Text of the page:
The Italian hill town of Assisi might be overrun by tourists and pilgrims, but the stories of the miracles of Saint Francis manage to bubble up through the clutter. The saint’s holy cards often depict him surrounded by fluttering brown sparrows, but they fail to convey some of the richer stories.
I mean stories such as how Saint Francis threw himself naked upon a rose-bush as punishment for impure thoughts only to have the thorns miraculously fall off the bush so as not to prick him. Bet he was thankful for that one. But I understand a naked man hugging a rose-bush might not be deemed appropriate for a holy card. My favorite Saint Francis miracle was his taming of the fierce killer wolf terrifying the residents of neighboring Gubbio.
On the holy card that is part of a digital collage (“¡Qué milagro! Four bullets in the back and alive to give thanks 25 years later.”) I donated for SAY Si’s annual Small Scale art sale, I felt compelled to add a few extra birds to better illustrate the claim that birds would stop mid-chirp to listen to Saint Francis’ sermons and, of course, to add a tame-looking wolf.
But what sent me digging up this holy card was a photograph from the side chapel in the Parroquia Purisima Concepcion in Real de Catorce, a former ghost town now a mecca drawing both tourists and pilgrims, in much the same way as Assisi. The walls of the entire chapel are covered with retablos, pictures and stories often painted on sheets of tin, left in gratitude by the beneficiaries of miraculous interventions by Saint Francis, affectionately known as Panchito. One retablo that caught my attention was left by Jesus Espinosa Diaz de Leon in 2006 to express his gratitude to Sr. San Francisco de Asis for saving him from bullets fired into his back on the streets of San Luis Potosi in 1981.
The rich interior of the Parroquia in Real de Catorce reflects the origins of the town itself; the workers mining the veins of silver running through the mountains signed a commitment in 1779 to donate silver toward its construction on a weekly basis. Real was so wealthy, it not only had a palenque for cock fights but an opera house. There was such an abundance of silver, the town had its own mint coining reales. To make the town and its silver more accessible, an engineering marvel of a tunnel almost 1 1/2 miles long was carved through one of the surrounding formidable mountains in 1901.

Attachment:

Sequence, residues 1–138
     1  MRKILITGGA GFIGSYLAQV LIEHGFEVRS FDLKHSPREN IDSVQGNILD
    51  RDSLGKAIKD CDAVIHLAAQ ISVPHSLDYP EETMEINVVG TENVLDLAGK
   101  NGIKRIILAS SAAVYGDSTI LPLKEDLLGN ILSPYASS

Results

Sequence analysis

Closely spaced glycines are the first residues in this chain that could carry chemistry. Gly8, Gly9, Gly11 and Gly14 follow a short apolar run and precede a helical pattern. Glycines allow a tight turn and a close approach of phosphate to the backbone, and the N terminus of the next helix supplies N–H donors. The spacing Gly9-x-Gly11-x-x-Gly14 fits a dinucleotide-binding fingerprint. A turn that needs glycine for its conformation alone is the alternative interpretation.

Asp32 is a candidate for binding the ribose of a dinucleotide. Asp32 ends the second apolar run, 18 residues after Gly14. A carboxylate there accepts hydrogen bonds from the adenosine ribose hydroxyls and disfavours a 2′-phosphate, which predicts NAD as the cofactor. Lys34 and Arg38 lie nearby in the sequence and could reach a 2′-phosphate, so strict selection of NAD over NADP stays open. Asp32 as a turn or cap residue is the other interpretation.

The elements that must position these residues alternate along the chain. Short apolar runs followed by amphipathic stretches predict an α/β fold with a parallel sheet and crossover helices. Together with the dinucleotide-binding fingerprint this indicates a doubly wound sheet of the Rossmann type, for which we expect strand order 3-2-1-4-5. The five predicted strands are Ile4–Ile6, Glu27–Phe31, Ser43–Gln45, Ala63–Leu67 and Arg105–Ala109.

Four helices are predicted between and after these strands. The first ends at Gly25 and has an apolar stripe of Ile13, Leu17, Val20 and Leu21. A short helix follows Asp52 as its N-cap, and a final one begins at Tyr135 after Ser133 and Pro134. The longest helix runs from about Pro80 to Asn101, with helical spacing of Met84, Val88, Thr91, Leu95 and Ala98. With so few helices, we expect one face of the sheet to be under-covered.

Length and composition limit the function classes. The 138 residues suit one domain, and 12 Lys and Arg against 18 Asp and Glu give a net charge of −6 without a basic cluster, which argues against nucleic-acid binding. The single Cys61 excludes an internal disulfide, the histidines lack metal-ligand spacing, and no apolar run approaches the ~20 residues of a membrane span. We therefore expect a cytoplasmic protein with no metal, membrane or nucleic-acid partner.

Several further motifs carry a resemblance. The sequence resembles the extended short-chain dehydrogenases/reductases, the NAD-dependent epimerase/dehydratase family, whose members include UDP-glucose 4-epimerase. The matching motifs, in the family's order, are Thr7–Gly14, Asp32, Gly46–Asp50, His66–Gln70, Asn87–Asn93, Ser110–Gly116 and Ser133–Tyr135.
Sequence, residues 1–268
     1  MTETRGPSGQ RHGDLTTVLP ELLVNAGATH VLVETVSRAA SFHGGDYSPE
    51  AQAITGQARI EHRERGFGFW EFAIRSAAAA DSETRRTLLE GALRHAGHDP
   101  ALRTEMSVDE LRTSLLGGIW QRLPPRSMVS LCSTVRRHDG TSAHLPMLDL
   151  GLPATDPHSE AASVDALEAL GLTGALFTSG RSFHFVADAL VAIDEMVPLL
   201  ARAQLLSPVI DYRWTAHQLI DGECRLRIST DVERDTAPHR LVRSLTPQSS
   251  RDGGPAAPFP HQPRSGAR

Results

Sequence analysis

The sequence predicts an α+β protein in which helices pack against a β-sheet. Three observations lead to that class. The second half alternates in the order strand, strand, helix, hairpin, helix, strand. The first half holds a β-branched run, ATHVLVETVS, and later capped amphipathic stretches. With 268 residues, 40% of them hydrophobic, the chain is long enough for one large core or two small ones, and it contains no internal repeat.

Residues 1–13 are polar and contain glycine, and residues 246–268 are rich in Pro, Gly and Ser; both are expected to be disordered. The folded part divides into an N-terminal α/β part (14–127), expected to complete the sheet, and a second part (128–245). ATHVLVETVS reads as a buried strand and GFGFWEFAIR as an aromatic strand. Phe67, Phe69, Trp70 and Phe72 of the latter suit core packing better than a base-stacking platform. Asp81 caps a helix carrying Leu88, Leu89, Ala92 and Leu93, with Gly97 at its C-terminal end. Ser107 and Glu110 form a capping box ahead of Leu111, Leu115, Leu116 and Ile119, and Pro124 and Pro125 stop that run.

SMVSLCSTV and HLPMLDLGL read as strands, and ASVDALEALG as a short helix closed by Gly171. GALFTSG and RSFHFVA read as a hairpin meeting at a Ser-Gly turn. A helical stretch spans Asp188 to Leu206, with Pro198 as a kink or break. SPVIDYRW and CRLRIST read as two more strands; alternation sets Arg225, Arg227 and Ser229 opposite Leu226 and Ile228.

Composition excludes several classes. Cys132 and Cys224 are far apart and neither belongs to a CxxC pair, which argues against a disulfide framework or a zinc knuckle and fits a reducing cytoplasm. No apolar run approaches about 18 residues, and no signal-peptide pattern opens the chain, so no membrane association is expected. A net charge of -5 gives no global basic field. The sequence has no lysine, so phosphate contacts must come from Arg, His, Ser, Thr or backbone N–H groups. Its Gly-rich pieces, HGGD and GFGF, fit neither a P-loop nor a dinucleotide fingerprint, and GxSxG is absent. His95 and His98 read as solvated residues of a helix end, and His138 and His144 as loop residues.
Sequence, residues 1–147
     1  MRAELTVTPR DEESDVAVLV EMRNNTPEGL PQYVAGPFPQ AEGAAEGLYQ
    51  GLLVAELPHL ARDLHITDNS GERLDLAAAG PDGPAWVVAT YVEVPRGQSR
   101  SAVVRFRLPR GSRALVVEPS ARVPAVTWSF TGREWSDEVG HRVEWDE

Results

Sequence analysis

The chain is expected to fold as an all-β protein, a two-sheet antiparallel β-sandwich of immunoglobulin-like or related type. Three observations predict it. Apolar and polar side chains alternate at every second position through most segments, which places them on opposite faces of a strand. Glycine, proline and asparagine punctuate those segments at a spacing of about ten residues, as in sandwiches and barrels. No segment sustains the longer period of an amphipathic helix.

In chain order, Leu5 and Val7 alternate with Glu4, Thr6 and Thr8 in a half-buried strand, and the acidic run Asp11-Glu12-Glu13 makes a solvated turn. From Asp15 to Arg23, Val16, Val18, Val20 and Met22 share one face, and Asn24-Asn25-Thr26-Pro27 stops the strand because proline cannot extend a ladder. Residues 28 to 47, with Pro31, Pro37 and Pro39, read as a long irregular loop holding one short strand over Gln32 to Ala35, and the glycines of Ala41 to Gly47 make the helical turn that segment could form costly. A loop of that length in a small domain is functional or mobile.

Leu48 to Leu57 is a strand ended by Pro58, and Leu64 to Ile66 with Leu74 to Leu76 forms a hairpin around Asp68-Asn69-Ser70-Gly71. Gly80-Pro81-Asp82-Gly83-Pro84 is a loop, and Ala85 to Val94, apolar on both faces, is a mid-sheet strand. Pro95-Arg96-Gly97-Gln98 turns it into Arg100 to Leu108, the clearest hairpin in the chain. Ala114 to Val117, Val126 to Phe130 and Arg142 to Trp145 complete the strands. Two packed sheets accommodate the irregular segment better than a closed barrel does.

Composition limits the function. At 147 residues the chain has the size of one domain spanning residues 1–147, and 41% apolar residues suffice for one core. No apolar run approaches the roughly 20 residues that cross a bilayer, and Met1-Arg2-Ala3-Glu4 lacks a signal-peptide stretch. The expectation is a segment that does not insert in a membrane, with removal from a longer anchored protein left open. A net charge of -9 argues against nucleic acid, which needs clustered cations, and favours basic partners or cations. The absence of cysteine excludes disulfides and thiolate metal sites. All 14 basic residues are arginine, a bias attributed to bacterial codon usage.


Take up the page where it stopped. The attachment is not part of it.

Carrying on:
With the silver seemingly played out, the town died. Colonial buildings began to fall into ruin, and it probably would have become a complete ghost town were it not for Panchito. Some time after the Mexican Revolution, word spread throughout the country about miraculous cures of humans and animals believed to have been granted following prayers to St. Francis of Assisi. The statue in the parish church began to attract pilgrims. Particularly on his Feast Day, October 4, they jam the tunnel and overwhelm the town to pay tribute to the patron saint of merchants, animals and ecology.
While the town has undergone a revival caused by curious travelers, there is another revival many are eyeing with distrust. New technologies now make it possible to extract more metal from the surrounding mines, and in a wonderful series of posts on Huffington Post, Tracy Barnett reveals in words and photos that the Huichols are displeased. She describes a February 6 all-night ceremony involving the sacrifice of a calf:
Soon the maraka’ate assembled and the plaintive wail of the Wixarika fiddles began to ring out in the darkness. The chants of the maraka’te rose on the wind; the ceremony had begun.
All throughout the long night these priests of ecology, as Liffman called them, sang their entreaties to the spirits that inhabit this place, an improvisation of melodies from different villages and different eras in time. They conducted their ancestral dialog with Grandfather Fire, an intermediary between the maraka’te and their deities. The sacramental peyote they had hunted in the desert the day before was working its magic.
Maybe, if the Hichols combined their dialogues with Grandfather Fire with prayers to Saint Francis of Assisi in his role as the patron saint of ecology, the potent powers would unite to spare the land from more intrusive mining.
This is an absurdly long-winded approach to suggest you take advantage of SAY Si Small Scale art sale to build your collection. More than 200 artists have contributed works to the silent auction. It will be impossible to view them all before they start disappearing off the walls during the final party on Friday, March 23. So consider going online quickly and purchasing tickets to the preview party on Thursday, March 1, or stop by SAY Si between 11 a.m. and 7 p.m. Monday through Thursday or 11 a.m. and 5 p.m. on Friday and Saturday until March 23. And then it will be too late.
Added on March 9, 2012: This post needed a soundtrack – Gretchen Peters’ “Saint Francis.”